Our main news outlets have already reported that Danna Lea, owner of Athena Jewelers at 228 East Clayton Street, was written a $1,000 citation for displaying a sculpture on the sidewalk as she has been doing for over 14 years. The sculpture has been traditionally displayed with its companion piece, a sitting frog, that Lea stopped displaying when county officials ordered her to remove the bench it used to sit on, a bench that Lea says the county government itself installed a number of years ago.
Athens-Clarke County Community Protection Division code enforcement officer David Eisele wrote the ticket for a violation of the recently revised ordinance concerning sidewalk signs. Lea says that as he began writing the ticket she moved the sculpture into the building's alcove at the front window so that the base of the statue was resting off the sidewalk and on private property, but he issued the citation anyway. A phone call to Eisele was returned by Ken Hix of the Building Permits and Inspections Department who said it was against policy to comment on open cases. (The CPD is a division of that department.)
Lea's arraignment for the charge was held on August 12, and a trial date was set for September 22 at 1:30 in Athens-Clarke County Municipal Court. Her attorney John Knight says that the CPD issued the ticket because the statue was protruding a few inches over the edge of the sidewalk at a restricted height. Knight said that the ordinance is unconstitutional because it infringes on freedom of expression under the First Amendment as well as the Equal Protection Clause of the Fourteenth Amendment. He says the equal protection violation stems from the fact that the ordinance is selectively tailored and applied to certain items that lie on the public sidewalk but not others. For instance, the county commission has sanctioned the placement of bulldog statues on many sidewalk locations as well as the newspaper table at Barnett's Newsstand, yet Lea's statue protruding less than six inches over the sidewalk subjects her to a criminal charge.
Athens-Banner Herald stories indicate that the impetus for the sign ordinance revision was brought to the county commission by a blind downtown resident. He complained of the dangers presented to his pathway on the sidewalk, including commercial signs and road construction barriers. Lea says that this concern does not square with a citation recently given to Angelo's Italian Restaurant at 275 East Clayton Street: she says that it received a sign ordinance citation for a sign that was placed on a sidewalk dining table. The tables are legally placed on the sidewalk under the sidewalk cafe licensing ordinance and surrounded by the prescribed railing, so the sign presents no danger to pedestrians.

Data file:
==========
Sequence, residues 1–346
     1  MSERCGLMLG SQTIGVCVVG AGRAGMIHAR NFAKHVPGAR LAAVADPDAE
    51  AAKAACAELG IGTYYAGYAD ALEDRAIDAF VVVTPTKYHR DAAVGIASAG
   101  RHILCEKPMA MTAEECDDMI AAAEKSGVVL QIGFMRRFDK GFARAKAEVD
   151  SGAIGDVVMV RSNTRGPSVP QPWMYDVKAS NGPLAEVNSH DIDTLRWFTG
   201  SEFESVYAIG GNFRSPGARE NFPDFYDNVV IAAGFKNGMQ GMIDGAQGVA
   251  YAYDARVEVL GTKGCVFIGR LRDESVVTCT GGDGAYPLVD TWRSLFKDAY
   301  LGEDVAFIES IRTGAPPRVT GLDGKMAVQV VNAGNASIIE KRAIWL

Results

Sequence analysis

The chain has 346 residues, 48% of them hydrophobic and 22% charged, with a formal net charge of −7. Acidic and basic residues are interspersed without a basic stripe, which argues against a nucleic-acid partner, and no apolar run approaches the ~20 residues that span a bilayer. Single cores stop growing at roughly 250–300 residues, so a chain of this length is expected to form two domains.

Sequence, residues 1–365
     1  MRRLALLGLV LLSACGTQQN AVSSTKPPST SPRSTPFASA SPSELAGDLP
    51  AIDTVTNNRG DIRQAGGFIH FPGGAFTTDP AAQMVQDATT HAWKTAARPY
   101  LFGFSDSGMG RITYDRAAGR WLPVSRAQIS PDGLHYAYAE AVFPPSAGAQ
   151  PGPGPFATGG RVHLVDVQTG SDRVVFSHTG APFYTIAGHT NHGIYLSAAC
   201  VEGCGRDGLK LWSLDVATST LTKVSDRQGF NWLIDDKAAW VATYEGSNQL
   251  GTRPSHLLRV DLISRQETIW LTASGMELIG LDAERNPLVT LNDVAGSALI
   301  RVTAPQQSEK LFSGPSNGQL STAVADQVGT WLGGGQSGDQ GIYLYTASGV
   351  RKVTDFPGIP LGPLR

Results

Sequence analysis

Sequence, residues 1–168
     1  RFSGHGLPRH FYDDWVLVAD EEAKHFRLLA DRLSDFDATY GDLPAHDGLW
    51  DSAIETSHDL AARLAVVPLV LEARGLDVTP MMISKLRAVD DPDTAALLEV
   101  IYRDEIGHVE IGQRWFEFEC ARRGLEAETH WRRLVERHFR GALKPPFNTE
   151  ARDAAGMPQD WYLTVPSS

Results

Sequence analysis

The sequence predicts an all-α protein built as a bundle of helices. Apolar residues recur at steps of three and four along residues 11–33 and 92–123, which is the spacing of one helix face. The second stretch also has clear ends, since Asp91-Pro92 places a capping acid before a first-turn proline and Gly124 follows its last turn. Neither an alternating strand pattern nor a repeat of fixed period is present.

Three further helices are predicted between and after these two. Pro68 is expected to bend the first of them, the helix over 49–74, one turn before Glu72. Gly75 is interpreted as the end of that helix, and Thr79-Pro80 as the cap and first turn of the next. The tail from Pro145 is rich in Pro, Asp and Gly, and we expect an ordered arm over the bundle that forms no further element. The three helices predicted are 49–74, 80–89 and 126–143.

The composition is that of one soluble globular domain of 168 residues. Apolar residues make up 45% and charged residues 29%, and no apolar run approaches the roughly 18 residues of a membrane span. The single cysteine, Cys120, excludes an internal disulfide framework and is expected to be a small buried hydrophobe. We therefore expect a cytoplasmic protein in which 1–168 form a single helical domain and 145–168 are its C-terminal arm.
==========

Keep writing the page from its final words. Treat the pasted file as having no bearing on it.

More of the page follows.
Knight expresses concern that the government in a community normally tolerant of artistic expression is taking measures that reduce expression. "The citizens of Athens should be outraged," he writes. "We are confident that our Municipal Court is immune to political pressure and we have no doubt that the Court will find this problematic ordinance to be unconstitutional." Knight and Lea also say that the ordinance technically does not even apply to the sculpture since it is directed at signs and merchandise.
Lea says that the various new measures taken by the county commission are presenting an increasing level of hardship for downtown business owners. She says it is difficult to earn a living as a single mother in these conditions, so she also works in Greensboro every week. She and her assistant Tom have frequently talked of closing shop, but it seems that their passions for their work keep them going.
Lea says that the sign ordinance particularly hits hard the owners of businesses that operate off the main street level. Dynamite Clothing, for example, is no longer able to advertise its basement store with a sidewalk sign and thus escapes the notice of downtown shoppers.
The introduction of the sign ordinance was particularly unhelpful, according to Lea. She says at the time of the revision that copies of the new code were unavailable though promised to be quickly delivered to downtown business owners. However, her first notice of the ordinance was not a copy but a $1,000 citation.
Lea says that Knight is representing her on essentially a pro bono basis, but she is accepting donations for a legal defense fund.
Dan Conger of the Athens Area Chamber of Commerce says that their Local Impact Committee investigates regulatory issues that affect the downtown area. This committe meets at 10:30 on the second and fourth Wednesday each month. This writer will try to bring you information about their discussions soon.